Sep 23, 2013 Walt Wojciechowski
Businesses and consumers today are contending against a variety of novel challenges, such as data breaches, a turbulent economic situation in the United States and a growing volume of fraudulent scams that pose as critical financial activities. For example, more scammers are beginning to pretend to be debt collectors and credit management firms, all in efforts to steal sensitive information that can be used to perpetrate identity theft activities.
The fight needs to become more of a team effort, with debt collectors and credit risk managers stepping in to raise awareness about these issues. While the federal government has become highly active in the war against these fraudulent parties, there is still a lot of room for support, especially as businesses and consumers continue to struggle to avoid these increasingly common activities.
FTC gets real
Consumer Affairs recently reported that the Federal Trade Commission (FTC) has imposed a $25 million judgment against a repeat offender of fraud who persistently bilked businesses and consumers through a fraudulent debt collection set up. Along with a variety of other parties, all of which are now being deposed by the FTC, the man used fake collection calls to trick consumers into giving personal information.
Additionally, the source explained that the fraud scheme also claimed that they would reduce consumer credit card interest rates and, obviously, they did not. This strategy was not the only one that the FTC discovered when investigating the ring leader and his co-defendants, as officials found that they were calling consumers and saying that they could help with debt relief.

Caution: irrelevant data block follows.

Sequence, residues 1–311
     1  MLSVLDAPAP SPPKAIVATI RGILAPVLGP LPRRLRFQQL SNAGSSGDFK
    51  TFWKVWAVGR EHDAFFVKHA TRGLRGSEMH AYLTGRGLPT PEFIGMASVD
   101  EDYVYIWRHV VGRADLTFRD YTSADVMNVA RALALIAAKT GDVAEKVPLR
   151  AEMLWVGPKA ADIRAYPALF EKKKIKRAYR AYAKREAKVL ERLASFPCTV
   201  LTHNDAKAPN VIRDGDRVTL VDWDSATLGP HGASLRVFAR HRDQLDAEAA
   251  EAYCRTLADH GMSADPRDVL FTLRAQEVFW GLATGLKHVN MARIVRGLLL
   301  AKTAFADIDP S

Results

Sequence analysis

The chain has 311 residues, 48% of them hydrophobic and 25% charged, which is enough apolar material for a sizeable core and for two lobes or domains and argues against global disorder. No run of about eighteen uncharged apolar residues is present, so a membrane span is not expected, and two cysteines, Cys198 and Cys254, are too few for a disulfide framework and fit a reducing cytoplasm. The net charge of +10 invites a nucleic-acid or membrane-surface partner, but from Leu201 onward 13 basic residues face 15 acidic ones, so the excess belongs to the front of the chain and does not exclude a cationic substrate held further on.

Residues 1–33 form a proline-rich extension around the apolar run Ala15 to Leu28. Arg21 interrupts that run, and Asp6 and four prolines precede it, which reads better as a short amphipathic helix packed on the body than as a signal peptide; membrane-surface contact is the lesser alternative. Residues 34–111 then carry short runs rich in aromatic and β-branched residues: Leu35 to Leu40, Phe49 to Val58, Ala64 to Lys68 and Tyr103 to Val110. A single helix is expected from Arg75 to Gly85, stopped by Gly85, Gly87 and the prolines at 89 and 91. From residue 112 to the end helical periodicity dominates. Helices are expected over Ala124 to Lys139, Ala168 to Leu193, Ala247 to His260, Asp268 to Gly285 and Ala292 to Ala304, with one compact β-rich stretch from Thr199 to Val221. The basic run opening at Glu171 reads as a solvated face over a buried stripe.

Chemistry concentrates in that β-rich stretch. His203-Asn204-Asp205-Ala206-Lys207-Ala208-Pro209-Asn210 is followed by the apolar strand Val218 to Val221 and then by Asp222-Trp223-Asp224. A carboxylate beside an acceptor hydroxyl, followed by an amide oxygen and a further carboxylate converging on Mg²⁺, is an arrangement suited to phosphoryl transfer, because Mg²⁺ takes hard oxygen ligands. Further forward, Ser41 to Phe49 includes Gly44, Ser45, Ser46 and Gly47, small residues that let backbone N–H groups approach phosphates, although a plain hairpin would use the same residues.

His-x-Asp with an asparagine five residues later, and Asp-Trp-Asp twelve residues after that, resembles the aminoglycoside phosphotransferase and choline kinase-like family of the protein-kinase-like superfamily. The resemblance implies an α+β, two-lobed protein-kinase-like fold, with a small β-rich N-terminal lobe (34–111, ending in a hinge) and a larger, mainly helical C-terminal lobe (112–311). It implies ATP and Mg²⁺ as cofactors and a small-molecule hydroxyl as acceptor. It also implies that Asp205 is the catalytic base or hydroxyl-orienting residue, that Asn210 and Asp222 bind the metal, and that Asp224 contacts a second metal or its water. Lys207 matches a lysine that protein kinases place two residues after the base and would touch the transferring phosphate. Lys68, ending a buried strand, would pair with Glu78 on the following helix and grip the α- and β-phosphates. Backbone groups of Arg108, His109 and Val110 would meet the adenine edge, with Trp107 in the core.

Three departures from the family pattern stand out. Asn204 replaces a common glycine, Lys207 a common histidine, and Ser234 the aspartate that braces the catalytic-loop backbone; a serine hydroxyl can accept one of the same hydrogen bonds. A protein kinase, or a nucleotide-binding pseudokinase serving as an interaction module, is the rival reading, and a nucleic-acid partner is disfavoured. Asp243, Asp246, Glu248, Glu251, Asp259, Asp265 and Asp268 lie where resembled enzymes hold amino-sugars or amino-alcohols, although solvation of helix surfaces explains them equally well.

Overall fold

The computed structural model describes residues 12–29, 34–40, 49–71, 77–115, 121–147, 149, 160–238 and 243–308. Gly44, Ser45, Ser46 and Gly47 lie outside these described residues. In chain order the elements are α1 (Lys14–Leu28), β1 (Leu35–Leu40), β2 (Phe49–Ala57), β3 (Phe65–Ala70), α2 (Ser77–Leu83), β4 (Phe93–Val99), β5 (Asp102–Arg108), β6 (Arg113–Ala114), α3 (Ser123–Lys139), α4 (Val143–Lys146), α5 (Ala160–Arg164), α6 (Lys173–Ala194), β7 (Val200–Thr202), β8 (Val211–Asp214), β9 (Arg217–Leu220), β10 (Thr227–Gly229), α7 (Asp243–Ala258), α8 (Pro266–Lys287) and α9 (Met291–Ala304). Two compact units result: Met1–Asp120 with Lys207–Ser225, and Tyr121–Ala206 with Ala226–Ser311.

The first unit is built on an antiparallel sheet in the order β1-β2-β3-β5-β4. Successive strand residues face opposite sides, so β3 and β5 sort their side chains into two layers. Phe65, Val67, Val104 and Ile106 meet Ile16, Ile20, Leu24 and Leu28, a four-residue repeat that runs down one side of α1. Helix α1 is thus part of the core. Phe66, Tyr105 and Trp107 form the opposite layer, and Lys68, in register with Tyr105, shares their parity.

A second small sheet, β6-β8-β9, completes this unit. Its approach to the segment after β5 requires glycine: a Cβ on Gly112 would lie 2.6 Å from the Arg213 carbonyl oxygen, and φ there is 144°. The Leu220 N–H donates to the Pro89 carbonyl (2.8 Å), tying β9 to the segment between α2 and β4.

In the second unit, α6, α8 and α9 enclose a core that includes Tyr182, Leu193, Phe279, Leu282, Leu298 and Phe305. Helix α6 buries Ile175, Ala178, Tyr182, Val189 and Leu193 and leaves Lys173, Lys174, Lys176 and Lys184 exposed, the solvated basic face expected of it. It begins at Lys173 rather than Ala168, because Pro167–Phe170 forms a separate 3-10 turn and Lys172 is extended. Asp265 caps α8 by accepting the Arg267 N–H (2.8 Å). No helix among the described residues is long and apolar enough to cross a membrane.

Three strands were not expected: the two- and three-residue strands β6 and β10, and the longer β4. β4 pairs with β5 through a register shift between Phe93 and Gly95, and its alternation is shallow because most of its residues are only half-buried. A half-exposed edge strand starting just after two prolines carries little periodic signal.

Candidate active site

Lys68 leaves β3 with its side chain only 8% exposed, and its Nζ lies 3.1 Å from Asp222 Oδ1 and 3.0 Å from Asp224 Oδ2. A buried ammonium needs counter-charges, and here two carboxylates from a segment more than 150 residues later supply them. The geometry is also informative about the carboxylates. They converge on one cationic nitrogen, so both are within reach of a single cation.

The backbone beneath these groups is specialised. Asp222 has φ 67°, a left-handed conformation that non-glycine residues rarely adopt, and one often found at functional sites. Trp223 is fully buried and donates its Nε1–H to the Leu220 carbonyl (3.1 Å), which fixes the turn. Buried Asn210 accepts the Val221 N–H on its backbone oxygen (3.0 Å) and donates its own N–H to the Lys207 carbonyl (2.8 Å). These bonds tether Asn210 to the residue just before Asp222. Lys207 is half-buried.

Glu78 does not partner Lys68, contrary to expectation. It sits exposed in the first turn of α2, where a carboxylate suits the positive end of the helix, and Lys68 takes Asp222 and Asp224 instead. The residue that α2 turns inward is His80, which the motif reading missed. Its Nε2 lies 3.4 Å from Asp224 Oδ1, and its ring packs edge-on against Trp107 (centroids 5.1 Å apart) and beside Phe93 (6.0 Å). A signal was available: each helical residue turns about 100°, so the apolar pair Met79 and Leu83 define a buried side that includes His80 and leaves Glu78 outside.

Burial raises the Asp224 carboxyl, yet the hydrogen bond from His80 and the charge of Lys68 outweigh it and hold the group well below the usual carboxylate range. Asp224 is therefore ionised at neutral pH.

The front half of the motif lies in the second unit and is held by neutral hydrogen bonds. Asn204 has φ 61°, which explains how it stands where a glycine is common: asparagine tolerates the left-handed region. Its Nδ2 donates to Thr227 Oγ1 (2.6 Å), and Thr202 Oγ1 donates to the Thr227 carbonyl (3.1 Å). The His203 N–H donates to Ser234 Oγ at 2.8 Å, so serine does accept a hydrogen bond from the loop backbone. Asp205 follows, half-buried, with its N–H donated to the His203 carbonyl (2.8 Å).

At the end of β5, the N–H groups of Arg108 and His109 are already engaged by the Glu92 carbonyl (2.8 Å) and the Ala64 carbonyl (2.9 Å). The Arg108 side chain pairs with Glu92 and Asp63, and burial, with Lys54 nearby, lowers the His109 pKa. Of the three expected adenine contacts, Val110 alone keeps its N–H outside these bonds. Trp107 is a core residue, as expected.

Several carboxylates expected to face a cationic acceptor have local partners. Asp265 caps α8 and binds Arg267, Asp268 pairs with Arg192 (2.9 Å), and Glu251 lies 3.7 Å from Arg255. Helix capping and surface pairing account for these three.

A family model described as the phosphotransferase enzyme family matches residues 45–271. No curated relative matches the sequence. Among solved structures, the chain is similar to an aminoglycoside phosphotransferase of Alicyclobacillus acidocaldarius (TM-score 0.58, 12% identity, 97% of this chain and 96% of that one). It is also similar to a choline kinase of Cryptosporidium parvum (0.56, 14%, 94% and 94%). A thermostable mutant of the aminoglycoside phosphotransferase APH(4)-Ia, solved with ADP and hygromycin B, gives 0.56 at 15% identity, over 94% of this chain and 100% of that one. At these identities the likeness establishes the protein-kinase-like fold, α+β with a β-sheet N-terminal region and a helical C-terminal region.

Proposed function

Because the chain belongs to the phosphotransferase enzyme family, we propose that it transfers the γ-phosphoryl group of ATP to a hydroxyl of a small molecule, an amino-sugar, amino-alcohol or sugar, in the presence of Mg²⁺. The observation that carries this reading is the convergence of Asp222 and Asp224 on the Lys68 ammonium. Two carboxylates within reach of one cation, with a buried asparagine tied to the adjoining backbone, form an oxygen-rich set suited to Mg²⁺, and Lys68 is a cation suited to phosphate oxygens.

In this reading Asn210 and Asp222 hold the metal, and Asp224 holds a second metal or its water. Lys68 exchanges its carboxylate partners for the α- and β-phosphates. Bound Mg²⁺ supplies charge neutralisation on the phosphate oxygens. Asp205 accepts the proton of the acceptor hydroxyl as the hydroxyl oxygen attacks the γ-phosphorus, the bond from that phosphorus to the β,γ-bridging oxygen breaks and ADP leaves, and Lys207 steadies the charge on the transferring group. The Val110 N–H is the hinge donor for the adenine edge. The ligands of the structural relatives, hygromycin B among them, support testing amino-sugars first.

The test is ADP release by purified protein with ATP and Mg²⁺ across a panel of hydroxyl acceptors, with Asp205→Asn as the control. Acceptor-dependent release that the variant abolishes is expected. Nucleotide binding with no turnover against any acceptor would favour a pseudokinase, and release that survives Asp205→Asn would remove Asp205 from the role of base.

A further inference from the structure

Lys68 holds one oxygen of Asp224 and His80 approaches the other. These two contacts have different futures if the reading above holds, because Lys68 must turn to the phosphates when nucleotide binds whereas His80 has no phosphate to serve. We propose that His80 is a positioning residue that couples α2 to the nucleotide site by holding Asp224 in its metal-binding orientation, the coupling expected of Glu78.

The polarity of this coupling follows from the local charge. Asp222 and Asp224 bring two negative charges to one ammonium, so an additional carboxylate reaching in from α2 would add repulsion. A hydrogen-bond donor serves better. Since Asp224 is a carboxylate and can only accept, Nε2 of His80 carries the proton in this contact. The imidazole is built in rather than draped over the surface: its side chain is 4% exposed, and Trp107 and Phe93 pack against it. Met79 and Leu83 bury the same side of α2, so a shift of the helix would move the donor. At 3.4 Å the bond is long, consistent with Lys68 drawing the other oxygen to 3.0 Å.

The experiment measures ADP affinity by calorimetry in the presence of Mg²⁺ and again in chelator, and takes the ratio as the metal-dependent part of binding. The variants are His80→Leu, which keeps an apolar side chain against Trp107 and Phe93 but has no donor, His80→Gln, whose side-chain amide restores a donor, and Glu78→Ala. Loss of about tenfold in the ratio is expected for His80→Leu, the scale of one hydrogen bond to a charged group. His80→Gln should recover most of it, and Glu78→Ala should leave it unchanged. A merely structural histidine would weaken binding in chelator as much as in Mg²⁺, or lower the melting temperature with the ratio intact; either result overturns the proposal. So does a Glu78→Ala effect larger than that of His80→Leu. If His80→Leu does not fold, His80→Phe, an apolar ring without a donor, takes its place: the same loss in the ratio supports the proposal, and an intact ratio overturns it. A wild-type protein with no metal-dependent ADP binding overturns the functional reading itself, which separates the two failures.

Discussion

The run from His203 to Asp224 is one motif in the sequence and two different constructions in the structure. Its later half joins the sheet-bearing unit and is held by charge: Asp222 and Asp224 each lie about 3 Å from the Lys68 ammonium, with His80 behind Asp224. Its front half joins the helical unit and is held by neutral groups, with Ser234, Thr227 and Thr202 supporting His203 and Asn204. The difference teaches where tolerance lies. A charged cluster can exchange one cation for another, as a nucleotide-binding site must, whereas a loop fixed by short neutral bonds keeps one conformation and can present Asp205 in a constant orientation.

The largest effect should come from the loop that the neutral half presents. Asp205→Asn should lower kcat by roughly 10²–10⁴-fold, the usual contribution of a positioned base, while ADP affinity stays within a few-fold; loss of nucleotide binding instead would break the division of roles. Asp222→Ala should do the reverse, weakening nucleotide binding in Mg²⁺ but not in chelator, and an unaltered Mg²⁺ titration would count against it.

This has been an increasingly serious issue for consumers and businesses, and the worst part is that the perpetrators are preying on those who most need real assistance. Fraudulent mortgage and credit card debt relief operations have spread like wildfire in the midst of the economic recovery, as organizations and the general population work to pay down outstanding loans accumulated during the financial crisis.
The source explained that this specific case was highly damaging, as it effectively tricked and stole from thousands of consumers throughout the past several years.
Protect this house
Debt collection agencies and credit risk managers should not stand by while fraudulent parties pose as actual members of their respective industries. These criminals do not only affect consumers and businesses, but also come with the risk of further hurting the reputation of what should be reputable sectors.
More consumer and business advocacy groups are calling for increased awareness training for all organizations and the general population, as knowledge can lead to a dramatic decrease in the rate of associated crimes, including identity theft. Debt collectors and credit risk managers are best positioned to educate current and prospective clientele in the most telling signs of fraudulent activity.
While the FTC and other regulatory entities will continue efforts to find these criminals and bring them to justice, organizations in these sectors can boost their own reputations and improve the standing of their industries by putting in the extra effort to raise awareness of consumer rights.